- Filling holes in your wardrobe
- Base pieces – camisoles, plain long-sleeved shirts
- Classics: jeans, t-shirts, sweaters, leggings, tanks, long-sleeves, cardigans
- Versitile items
- Good quality brands and fabric
- Wear – lots of life left in them
- Fit – this is everything! This is what makes used basics look chic.
When to Splurge:
My two rules for splurging are: 1) Plan ahead. 2) Always sleep on it. While you sometimes have to grab the thing at the thrift store before someone else gets it, new purchases can be thought about carefully. The item will not sell out overnight, so why rush the decision?
Shoes – Good shoes not only look great, they improve our quality of life by preventing pain and foot issues. Whether you’re active or not, good shoes are important. I have a shoe size that isn’t common (10.5 – 11 y’all!) so this year my strategy has been to go to outlet stores. I’m able to try the shoes on in person, and since the outlets carry what doesn’t sell well at other stores there is often a good amount of inventory in my size! And I’m not paying full-price for the same quality, same brands as everyone else! It’s a win!
Bags – I’m not sure if I should put “bags” or “bag” because in my ideal world you really just need one. One good quality, great-looking, practical bag to throw all your stuff in if you’re a woman – because leggings and skirts are awesome but don’t have pockets! This is one of those “grown-up” purchases that I put off until my kids stopped needing a diaper bag. Honestly, the brand that makes it doesn’t matter. What matters is that you love it, and it is built to last – because like kids clothes and workout clothes, handbags go through a lot! They should be durable, stylish, functional, and go with everything. Black is a classic, but I once heard a blogger recommend a gray bag because it also matches browns and navy even better. It’s possible your bag could even be the pop of color in your outfit. But keep in mind that it needs to be something you won’t get tired of quickly. You might regret getting something too trendy here. Think: practical chic.
Jewelry – I’m not a snob about jewelry, but I honestly can’t wear anything that isn’t actual gold or silver – not just plated, but solid. These pieces may cost a little more than fashion jewelry, but keep in mind that less is more. The same gold hoops will go with everything. The same diamond (or CZ) studs will go with everything. A simple strand of pearls will never go out of style. Figure out what you really like, and then save up for it and treat it well.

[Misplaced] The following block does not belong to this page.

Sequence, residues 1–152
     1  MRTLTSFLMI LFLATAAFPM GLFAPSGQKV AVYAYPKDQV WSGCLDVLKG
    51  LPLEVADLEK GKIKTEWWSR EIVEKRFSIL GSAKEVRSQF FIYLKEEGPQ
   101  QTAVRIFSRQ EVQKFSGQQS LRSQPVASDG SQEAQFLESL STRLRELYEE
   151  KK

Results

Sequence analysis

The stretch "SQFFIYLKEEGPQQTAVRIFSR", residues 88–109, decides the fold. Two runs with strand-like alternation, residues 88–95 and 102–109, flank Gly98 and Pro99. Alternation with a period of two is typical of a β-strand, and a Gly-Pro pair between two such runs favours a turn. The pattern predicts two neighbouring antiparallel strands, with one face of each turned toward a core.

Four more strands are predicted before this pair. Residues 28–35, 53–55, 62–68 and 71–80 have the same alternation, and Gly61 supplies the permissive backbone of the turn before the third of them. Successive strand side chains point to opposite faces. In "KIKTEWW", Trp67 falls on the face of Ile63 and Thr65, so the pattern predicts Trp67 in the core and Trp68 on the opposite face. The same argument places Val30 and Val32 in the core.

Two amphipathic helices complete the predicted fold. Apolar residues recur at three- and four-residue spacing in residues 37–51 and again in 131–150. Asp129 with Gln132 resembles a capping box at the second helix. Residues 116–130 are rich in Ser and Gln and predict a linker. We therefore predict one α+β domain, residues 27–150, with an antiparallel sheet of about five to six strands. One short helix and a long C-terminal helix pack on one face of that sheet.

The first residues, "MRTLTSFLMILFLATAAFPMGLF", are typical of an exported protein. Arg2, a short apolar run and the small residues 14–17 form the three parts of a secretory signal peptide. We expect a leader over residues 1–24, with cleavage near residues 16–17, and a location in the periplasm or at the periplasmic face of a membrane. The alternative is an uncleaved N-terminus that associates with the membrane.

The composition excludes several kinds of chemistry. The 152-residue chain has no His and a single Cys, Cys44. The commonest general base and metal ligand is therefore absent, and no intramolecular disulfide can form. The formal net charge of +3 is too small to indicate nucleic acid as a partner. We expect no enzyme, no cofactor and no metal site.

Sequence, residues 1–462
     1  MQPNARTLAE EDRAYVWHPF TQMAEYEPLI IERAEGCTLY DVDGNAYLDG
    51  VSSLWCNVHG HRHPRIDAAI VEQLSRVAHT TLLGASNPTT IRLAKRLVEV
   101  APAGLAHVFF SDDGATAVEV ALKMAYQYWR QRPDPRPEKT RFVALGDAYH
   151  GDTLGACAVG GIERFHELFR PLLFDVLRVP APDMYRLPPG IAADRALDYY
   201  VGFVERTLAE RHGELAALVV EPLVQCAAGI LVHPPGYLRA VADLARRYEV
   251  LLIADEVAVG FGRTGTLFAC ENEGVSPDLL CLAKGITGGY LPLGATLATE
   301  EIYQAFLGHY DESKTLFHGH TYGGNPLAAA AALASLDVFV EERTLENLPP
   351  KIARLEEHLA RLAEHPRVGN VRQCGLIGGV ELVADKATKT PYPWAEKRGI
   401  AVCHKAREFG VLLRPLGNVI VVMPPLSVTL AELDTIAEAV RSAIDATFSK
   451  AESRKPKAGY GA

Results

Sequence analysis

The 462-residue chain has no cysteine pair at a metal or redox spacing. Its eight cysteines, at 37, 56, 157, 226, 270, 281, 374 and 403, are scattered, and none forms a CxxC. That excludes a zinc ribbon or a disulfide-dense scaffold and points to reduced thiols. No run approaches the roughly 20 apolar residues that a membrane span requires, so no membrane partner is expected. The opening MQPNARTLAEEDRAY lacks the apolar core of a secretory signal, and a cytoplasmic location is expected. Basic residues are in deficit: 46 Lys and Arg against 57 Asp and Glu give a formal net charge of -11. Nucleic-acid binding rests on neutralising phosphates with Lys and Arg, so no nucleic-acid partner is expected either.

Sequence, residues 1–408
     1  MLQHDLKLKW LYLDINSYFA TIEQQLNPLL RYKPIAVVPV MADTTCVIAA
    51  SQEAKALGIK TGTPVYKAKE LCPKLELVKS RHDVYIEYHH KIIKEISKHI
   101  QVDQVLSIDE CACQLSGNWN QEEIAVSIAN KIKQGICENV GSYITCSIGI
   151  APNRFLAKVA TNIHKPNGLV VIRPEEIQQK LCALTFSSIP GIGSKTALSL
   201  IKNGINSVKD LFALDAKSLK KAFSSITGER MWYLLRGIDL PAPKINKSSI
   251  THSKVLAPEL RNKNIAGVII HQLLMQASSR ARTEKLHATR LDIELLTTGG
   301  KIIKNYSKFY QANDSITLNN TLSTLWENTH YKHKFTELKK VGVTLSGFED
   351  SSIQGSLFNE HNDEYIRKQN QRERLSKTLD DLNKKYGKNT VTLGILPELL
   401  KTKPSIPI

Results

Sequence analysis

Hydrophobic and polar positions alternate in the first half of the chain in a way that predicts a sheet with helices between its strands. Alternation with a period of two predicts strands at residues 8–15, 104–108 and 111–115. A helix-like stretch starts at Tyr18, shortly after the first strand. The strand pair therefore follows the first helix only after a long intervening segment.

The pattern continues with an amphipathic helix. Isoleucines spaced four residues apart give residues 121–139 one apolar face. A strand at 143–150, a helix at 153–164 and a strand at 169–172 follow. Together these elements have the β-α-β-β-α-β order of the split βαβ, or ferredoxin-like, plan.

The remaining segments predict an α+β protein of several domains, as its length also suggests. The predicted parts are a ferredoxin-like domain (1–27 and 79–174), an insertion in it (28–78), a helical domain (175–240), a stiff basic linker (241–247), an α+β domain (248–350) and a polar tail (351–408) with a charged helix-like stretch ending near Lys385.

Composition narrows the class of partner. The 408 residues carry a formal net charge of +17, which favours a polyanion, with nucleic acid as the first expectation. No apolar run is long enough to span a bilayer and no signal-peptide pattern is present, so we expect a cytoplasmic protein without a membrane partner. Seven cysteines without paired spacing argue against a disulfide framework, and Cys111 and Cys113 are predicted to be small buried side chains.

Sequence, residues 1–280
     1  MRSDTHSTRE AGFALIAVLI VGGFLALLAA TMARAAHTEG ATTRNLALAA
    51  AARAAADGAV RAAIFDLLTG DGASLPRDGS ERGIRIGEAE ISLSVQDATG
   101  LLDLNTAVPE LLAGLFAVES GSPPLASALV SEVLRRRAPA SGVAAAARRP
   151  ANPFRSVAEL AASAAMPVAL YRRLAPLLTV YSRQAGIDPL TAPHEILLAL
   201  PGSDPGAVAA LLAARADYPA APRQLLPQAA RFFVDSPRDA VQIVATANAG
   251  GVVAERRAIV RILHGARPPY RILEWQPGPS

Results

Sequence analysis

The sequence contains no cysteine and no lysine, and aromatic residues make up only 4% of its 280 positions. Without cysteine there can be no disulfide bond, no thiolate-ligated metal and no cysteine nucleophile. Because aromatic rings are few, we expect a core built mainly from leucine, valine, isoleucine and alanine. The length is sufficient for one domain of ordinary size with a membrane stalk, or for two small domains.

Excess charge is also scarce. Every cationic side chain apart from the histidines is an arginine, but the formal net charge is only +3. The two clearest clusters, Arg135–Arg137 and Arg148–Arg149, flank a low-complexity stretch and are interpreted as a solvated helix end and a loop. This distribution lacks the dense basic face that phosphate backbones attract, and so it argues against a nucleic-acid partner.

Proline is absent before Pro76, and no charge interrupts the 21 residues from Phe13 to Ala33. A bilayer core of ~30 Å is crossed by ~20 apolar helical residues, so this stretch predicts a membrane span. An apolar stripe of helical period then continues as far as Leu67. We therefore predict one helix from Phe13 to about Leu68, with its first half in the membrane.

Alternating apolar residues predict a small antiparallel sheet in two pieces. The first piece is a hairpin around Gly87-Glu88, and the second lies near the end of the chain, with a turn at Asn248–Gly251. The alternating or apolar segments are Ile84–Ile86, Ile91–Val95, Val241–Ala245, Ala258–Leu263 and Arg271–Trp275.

Coat – A good coat covers over a multitude of sins. I can be dressed pretty sloppy and put on a nice coat and boots and look halfway decent. Someone once said that a coat is the first thing people see when they’re meeting you. Get one that makes a first impression! Also keep in mind, classic, won’t go out of style, and also functionality – does it actually keep you warm / dry? That is, after all, the main job of a coat. It’s not impossible to find a great used coat, but you may have to do some searching. If you can score a $10 coat that you love from Goodwill or Salvation Army, that’s great! If that’s not possible, look at it is an investment piece that you will wear for many years. And then hold yourself to it! If you spend a lot on a good coat, force yourself to keep wearing it even after you’re tired of it. If there is nothing wrong with it, you’re just bored – keep on keeping on! That is how you get the cost per wear down to something reasonable.
Socks / underwear – Maybe it goes without saying, but I don’t recommend getting these things used. Again, try outlet stores before paying full price. Again, look for quality and longevity rather than just getting the cheapest brand out there. Cheap intimates just fall apart in the wash and are a waste of money. Ask your friends what their favorite brands are and what has lasted the best. If you pay a little more upfront, you may not have to replace these basics but every few years.
- Functional – does its job, warm, waterproof, etc.
- Stylish, not trendy – something that will never go out of style
- Durable – brand you know and trust
- Timeless – you won’t get sick of wearing it year after year
- Comfortable – benefit of having a wide selection, and time to shop
- Most importantly: You – since you hand-picked these items this is your change to express yourself. Keep in mind that your tastes may change. Ask yourself if you’ll still love it even once it isn’t the “color of the season” anymore.
That about sums it up! Here’s the questions I like to ask before making any purchase. These rules apply to any non-consumable, non-grocery items that I’m considering buying.
How do you decide when to splurge and when to save? When to shop used and when to spring for newer, more pricy items? Do you give yourself limits or timelines for buying things? I hope we can learn from each other! Thanks for stopping by!
Photo by Gyorgy Bakos